Tag Archives: Fiesta

Get into the Spirit of Ati-Atihan, Aklan: Photo of the Day

There are at least two well-known, and well-loved, annual festivals in the Philippines to honor the Santo Niño (Infant Jesus) — the Sinulog of Cebu and the Ati-Atihan of Kalibo, Aklan. The name of the latter festival means “to be like the Atis or Aetas,” a group of Filipinos who were the primary settlers of the islands. Atis or Aetas have black skin, so it’s common for Ati-Atihan participants and performers to color their skin black and wear tribal costumes, as shown in this photo by Atch (check his Instagram acount, @atch.dreams, for more awesome photos). Aklan’s Ati-Atihan, of course, is the festival that inspired other mardi gras, including the Sinulog. Tourists / visitors must wait for at least one year to watch both festivals, as they are simultaneously scheduled every third Sunday of January. Which festival to watch first? That’s a good problem to have. Click the photo to enlarge. Continue reading Get into the Spirit of Ati-Atihan, Aklan: Photo of the Day

Tribu Sinanduloy Reyna Juana, Sinulog 2017: Photo of the Day

There’s no Sinulog celebration without a lovely woman carrying the Sto. Niño, gracefully dancing to the beat of the drums. We’ve explained the significance of this festival character in a previous post, but we’ll summarize it again here. She is Reyna Juana or Queen Juana, the wife of Raja Humabon. They were the first Catholic converts when Ferdinand Magellan came to these islands, later named the Philippines. The story goes that Queen Juana was overwhelmed when presented with the Sto. Niño and she began dancing carrying the image. Her subjects followed suit, a practice we now still commemorate in the annual Sinulog festival. Here’s a lovely photo of the Reyna Juana of Tribu Sinanduloy-Tangub City (photo courtesy of Roel Clenuar, a traveler and wedding / portrait photographer; check his Instagram acount, @welics, for more awesome photos). Click the photo to enlarge. Continue reading Tribu Sinanduloy Reyna Juana, Sinulog 2017: Photo of the Day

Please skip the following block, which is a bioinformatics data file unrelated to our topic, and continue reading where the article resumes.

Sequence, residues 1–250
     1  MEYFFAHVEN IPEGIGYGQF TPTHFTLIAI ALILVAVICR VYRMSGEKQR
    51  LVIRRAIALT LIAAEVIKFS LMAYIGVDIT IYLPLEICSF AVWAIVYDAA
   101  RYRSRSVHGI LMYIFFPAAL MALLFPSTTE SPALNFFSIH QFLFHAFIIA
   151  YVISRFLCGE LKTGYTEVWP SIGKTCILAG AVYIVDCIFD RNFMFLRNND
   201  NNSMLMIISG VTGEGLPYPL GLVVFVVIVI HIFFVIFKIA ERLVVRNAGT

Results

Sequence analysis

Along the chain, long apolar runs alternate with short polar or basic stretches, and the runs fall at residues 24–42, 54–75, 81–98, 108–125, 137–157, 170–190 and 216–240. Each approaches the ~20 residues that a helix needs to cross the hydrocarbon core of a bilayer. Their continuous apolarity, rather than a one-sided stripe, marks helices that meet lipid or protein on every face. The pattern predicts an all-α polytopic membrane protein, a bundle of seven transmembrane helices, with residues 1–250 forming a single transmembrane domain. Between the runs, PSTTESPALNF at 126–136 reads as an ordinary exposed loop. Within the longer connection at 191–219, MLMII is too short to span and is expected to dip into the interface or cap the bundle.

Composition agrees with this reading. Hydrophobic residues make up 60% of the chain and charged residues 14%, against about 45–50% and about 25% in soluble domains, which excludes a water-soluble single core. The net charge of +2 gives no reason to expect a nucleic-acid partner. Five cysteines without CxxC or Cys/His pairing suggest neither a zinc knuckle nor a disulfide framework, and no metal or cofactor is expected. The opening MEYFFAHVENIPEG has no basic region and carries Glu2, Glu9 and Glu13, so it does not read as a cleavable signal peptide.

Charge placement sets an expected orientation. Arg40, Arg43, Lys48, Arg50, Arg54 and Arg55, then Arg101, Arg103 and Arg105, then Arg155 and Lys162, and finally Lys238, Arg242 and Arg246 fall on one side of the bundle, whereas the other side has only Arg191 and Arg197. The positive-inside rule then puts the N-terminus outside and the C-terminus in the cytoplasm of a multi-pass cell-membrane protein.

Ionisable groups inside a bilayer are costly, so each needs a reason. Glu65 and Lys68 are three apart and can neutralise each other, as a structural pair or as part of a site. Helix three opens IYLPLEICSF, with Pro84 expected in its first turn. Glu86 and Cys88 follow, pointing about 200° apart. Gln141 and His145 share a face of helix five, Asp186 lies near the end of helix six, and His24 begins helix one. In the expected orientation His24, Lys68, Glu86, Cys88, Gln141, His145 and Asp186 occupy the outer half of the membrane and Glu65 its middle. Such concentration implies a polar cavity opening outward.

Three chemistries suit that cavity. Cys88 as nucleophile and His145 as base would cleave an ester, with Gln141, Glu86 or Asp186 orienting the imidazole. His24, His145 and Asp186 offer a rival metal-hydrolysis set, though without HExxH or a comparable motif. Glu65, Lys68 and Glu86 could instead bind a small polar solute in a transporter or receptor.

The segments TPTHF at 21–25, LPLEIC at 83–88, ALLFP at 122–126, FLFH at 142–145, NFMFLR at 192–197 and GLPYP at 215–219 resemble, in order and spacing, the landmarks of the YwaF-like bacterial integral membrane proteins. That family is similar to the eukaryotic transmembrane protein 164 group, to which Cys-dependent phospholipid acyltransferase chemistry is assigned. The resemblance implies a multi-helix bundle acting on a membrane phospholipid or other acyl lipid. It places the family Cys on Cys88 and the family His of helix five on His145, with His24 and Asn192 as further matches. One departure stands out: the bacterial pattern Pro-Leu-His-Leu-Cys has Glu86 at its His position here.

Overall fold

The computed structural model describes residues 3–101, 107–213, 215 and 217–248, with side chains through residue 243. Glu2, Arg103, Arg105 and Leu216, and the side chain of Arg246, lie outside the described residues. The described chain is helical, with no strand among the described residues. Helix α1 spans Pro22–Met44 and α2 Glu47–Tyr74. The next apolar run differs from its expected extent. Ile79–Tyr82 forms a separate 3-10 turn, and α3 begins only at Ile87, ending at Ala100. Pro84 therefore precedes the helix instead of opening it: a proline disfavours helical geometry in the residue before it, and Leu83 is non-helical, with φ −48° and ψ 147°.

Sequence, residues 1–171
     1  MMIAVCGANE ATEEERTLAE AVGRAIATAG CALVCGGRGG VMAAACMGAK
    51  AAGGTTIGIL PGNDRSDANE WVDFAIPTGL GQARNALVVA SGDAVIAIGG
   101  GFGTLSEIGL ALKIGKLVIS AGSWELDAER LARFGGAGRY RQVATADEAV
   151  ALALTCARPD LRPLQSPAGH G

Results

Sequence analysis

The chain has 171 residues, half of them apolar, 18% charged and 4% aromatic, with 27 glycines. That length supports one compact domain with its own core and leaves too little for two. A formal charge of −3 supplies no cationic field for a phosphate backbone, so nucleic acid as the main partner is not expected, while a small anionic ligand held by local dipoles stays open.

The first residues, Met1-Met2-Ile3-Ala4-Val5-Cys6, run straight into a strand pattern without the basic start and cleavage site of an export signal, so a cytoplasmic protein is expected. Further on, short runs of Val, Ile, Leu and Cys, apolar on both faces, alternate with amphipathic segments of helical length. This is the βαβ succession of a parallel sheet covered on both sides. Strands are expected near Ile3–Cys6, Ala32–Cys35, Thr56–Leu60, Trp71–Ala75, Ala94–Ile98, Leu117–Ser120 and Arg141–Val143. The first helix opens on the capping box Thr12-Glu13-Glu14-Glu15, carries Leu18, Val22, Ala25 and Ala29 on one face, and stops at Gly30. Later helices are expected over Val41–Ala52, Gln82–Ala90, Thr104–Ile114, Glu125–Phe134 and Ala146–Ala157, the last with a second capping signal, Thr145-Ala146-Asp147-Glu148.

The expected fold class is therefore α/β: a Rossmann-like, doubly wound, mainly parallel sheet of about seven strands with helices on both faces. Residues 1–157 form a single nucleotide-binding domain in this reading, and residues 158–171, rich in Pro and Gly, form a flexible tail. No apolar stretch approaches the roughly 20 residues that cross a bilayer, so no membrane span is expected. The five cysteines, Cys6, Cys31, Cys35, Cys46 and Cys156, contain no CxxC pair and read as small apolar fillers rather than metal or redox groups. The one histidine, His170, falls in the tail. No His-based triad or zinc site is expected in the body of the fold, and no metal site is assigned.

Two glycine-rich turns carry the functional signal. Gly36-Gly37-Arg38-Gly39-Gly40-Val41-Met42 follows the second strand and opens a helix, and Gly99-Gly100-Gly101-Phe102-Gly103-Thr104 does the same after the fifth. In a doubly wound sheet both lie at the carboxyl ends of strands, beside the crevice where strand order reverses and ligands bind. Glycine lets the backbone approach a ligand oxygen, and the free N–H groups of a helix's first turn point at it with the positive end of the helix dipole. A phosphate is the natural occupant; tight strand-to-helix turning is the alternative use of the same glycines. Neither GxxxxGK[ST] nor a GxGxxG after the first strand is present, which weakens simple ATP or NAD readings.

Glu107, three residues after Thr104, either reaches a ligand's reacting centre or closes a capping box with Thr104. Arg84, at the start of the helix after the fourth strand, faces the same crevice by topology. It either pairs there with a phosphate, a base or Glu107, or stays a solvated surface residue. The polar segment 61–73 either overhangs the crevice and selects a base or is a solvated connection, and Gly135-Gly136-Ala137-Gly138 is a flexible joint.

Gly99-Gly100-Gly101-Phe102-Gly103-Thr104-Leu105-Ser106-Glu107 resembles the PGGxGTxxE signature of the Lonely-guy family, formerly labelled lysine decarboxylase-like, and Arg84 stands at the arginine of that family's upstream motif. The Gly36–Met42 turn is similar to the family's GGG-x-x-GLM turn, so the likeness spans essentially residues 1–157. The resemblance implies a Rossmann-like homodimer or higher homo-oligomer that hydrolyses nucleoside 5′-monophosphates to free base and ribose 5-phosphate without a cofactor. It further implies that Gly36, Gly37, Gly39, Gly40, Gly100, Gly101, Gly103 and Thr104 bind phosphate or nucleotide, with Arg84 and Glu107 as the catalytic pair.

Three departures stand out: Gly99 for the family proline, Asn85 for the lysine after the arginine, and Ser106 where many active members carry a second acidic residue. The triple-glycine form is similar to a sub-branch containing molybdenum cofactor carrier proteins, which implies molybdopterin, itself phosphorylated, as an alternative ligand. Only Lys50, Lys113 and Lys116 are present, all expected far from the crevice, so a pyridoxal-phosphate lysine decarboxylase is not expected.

Photo of the Day: Juana of Sinulog (Cebu City)

One prominent feature in any Sinulog celebration is a beautiful woman carrying the Sto. Nino. She is Queen Juana. Immediately after Fernando Magallanes, better known as Ferdinand Magellan, claimed the islands later known as the Philippines, he presented an image of the child Jesus (Sto. Nino) to the chieftain of the islands, Raja Humabon. He baptized the chieftain, and his queen (Humamay or Amihan), and gave her the name Queen Juana. The Philippines was named after Philipp II, son of Carlos I of Spain (also called Charles V) and Queen Isabella. The mother of Carlos I is Queen Juana, after which the wife of Rajah Humabon was named. This history refresher explains a lot about what guests see during the Sinulog Festival of Cebu. The story goes that Queen Juana was overwhelmed, she began dancing carrying the Sto. Nino. Her subjects followed suit. This is said to be the very first celebration of the Sinulog. This wonderful image, courtesy of Vin (follow his Instagram account, @vin_aranas87), shows a Queen Juana during the Sinulog Festival 2016 (Cebu City). She must have faith. She must be beautiful. She must know how to dance. And she must have the stamina to dance during the whole-day festivity, throughout the city streets, under the scorching rays of the sun. Respect. Click the photo to enlarge: Continue reading Photo of the Day: Juana of Sinulog (Cebu City)

Colors and Tradition of Pahiyas Festival, Lucban

We’ve been planning to visit the colorful and renowned Pahiyas Festival in Lucban, Quezon province. Yet, for years, we said “perhaps next year”. Conflict of schedule, weather and distance are some of the reasons for the hesitation. The San Isidro Pahiyas Festival is celebrated every 15th of May, which means that it could very well fall on a work day. This year, 2011, the festivities fortunately fell on a Sunday. Continue reading Colors and Tradition of Pahiyas Festival, Lucban

Travel Wish List: Philippine Fiesta Celebrations to See in 2009

It’s said that travel expense, which isn’t a necessity anyway, is the first to get thrown out the window in times of financial crunch. But while the world is no doubt in a financial storm today, it’s not an excuse not to plan the places to see in the Philippines for 2009, especially now that the 2009 long weekends have been declared. Here’s where (or what?) I want to see in 2009, under the fiesta/mardi gras category: Continue reading Travel Wish List: Philippine Fiesta Celebrations to See in 2009

Fiesta in the Philippines

The fiesta, while not a uniquely Filipino tradition, is one of the main cultural and religious events in the Philippines. The celebration of fiesta, which means feast, is one of the influences of Spain that has taken root in the Philippines. Each barangay has a fiesta, which probably holds true for most municipalities and cities (refer to the Philippine political subdivisions). The festivities mostly coincide with the day of the Patron Saint of a particular place, although it’s on the charter day in some places. Here are the more famous fiesta celebrations (if there are others that you believe should be included in the list, please let us know through the comment section below): Continue reading Fiesta in the Philippines